Compound this with the possible use of a sedating OTC cough suppressant and the addition of Nyquil, and it is a disaster waiting to happen. What should a pharmacist do? There are several options. One that often is not identified by computer software is that azithromycin does not inhibit CYP3A4 like its macrolide cousins, clarithromycin and erythromycin, but the computer software will often see azithromycin as an issue because it is programmed by antibiotic category, not by medication. Azithromycin is therefore a plausible option but would not be a wise choice if the patient is on methadone because azithromycin and methadone both elevate QTc and can result in ventricular tachycardia. Quinolone antibiotics also carry this risk, as do other drugs, including quetiapine.

Carbamazepine is a very potent inducer of CYP3A4 that will lower serum levels of hydrocodone or oxycodone, which may require a higher dose to achieve a similar benefit to someone else. Is there really an MME then without consideration to concomitant drugs? Probably not.4 And to complicate matters further, if the carbamazepine is stopped, the serum levels of the opioids mentioned herein will increase, placing the patient at an unexpected risk of OIRD simply by stopping carbamazepine.

Methadone CYP interactions are clearly a nightmare, because there are at least 6 CYP enzymes involved and there is a huge genetic variability, which, in and of itself, results in a variable half-life range of 15 to 150 hours.5 In addition, methadone and many other opioids are dependent on p-glycoprotein (Pgp) for oral absorption, and several drugs can inhibit or induce Pgp, too, which can increase or decrease serum levels, respectively.6

Pharmacists have a serious task. All opioid calculations must be done carefully. Conversions should be gradual and slow, because if patients who are quickly metabolizing oxycodone, for example, are switched to morphine, which does not involve CYP metabolism, they could overdose. Therefore, irrespective of the obligations and collaboration with prescribers, pharmacists must help keep patients safe by helping with conversions and provide justification for when lower or higher doses are warranted. Finally, apart from sedative hypnotics and CYP interactions, pharmacists should offer naloxone to all at-risk patients by collaborating with prescribers.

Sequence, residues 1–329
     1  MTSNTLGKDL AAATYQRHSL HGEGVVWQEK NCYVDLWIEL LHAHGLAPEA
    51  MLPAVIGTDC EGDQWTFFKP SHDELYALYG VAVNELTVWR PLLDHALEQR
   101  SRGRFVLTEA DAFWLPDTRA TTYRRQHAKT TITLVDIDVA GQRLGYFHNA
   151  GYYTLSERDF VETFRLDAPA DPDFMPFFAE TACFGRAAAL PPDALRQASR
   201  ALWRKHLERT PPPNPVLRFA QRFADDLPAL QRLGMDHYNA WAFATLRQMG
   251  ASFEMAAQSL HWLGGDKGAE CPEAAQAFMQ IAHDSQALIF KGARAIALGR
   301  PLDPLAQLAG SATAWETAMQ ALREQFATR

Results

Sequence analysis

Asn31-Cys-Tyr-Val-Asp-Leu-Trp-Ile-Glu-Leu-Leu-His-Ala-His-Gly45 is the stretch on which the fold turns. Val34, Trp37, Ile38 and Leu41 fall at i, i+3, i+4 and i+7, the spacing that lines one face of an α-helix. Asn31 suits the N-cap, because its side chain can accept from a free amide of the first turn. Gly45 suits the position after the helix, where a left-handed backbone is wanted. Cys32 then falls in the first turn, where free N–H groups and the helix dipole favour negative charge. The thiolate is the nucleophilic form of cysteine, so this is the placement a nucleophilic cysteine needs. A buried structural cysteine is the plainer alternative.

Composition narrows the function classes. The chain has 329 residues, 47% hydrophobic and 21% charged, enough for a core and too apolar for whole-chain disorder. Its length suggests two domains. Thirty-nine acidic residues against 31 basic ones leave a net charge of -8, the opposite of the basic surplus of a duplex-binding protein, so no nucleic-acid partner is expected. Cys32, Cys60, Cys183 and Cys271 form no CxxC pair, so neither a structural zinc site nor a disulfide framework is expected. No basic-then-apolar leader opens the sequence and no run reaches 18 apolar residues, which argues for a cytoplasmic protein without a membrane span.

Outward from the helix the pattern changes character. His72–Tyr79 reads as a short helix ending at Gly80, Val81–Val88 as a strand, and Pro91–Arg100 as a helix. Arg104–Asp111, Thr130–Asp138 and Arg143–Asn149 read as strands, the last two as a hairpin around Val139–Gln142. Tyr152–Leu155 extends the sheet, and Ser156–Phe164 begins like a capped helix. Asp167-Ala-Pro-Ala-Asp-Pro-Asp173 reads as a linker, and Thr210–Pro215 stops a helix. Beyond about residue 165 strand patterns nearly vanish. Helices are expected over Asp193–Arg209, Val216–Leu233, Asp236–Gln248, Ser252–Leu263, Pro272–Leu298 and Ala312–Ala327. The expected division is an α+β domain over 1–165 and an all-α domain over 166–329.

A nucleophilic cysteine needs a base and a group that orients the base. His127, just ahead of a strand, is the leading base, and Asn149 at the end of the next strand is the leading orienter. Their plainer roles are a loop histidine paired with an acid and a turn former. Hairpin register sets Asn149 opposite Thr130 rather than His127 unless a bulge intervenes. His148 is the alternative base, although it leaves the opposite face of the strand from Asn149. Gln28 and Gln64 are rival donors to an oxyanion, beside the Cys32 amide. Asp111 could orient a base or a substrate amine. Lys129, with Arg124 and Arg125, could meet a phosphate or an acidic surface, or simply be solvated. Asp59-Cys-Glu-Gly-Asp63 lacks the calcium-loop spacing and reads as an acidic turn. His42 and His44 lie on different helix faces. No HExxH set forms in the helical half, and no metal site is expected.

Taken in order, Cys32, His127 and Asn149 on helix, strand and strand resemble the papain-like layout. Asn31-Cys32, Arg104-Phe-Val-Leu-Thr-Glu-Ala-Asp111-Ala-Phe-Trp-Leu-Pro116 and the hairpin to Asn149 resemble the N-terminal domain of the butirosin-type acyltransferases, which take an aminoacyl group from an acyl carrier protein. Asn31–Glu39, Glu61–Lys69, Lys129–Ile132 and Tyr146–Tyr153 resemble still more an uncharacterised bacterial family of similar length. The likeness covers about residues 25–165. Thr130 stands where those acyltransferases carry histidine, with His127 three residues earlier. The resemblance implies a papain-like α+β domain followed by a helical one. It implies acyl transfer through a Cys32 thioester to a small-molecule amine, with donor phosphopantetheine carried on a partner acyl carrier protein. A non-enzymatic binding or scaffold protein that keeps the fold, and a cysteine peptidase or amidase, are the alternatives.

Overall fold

Jeffrey Fudin, PharmD, DAIPM, FCCP, FASHP, FFSMB, is chief executive officer of Remitigate LLC. In addition, he is the owner and managing editor of PainDr.com. He is also an adjunct associate professor at Western New England University College of Pharmacy in Springfield, Massachusetts, and an adjunct associate professor of pharmacy practice and pain management at Albany College of Pharmacy & Health Sciences in New York.

References
  1. Rubin R. CMS to improve drug programs and opioid overuse oversight. JAMA. 2018;319(12):1189. doi: 10.1001/jama.2018.2785.
  2. Holmquist GL. Opioid metabolism and effects of cytochrome P450. Pain Med. 2009;10(suppl 1):S20-S29. doi: 10.1111/j.1526-4637.2009.00596.x.
  3. Mercadante S. Opioid metabolism and clinical aspects. E J Pharmacol. 2015;769:71-78. doi: 10.1016/j.ejphar.2015.10.049.
  4. Rennick A, Atkinson T, Cimino NM, Strassels SA, McPherson ML, Fudin J. Variability in opioid equivalence calculations. Pain Med. 2015;17(5):892-898. doi: 10.1111/pme.12920.
  5. Fudin J, Perkins RJ, Lipman AG. Practical pharmacokinetics of opioids. In Cohen H, ed. Casebook in Clinical Pharmacokinetics and Drug Dosing. 1st ed. New York, NY: McGraw-Hill Companies, Inc; 2015;131-151.
  6. Fudin J, Fontenelle DV, Fudin HR, Carlyn C, Hinden DA, Ashley CC. Potential P-glycoprotein pharmacokinetic interaction of telaprevir with morphine or methadone. J Pain Palliat Care Pharmacother. 2013;27(3):261-7. doi:10.3109/15360288.2013.803512.